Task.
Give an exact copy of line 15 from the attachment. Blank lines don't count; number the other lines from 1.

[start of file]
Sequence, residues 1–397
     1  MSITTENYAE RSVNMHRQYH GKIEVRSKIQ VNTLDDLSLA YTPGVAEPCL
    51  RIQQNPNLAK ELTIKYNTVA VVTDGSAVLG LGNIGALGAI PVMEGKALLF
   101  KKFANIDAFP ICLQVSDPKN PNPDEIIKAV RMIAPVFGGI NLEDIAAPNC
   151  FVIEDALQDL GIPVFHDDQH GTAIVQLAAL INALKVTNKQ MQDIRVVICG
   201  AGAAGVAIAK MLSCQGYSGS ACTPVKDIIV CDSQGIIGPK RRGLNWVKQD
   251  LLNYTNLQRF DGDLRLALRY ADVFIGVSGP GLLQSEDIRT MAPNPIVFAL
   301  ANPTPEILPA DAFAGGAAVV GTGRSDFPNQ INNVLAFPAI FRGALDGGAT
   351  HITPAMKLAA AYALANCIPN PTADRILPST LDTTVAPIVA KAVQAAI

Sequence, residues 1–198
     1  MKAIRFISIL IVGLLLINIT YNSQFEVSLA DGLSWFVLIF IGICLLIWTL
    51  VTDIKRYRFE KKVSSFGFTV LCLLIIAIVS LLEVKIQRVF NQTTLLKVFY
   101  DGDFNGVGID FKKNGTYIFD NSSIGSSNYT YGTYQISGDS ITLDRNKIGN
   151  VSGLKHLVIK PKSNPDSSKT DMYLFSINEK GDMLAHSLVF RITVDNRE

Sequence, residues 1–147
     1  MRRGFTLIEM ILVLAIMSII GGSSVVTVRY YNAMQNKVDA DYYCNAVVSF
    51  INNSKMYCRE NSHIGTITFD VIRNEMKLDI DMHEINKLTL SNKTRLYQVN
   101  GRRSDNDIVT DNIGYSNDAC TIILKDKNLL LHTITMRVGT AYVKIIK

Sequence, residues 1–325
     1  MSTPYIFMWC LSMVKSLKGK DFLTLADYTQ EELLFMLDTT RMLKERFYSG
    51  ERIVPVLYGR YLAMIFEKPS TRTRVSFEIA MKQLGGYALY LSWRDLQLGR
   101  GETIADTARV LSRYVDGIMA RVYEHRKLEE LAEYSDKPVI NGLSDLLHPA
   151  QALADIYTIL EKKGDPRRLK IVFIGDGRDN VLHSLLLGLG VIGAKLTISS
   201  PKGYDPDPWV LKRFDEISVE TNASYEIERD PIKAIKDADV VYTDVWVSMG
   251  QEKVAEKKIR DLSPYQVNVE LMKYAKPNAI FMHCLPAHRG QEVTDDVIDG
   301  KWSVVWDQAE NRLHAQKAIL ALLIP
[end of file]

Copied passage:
Sequence, residues 1–147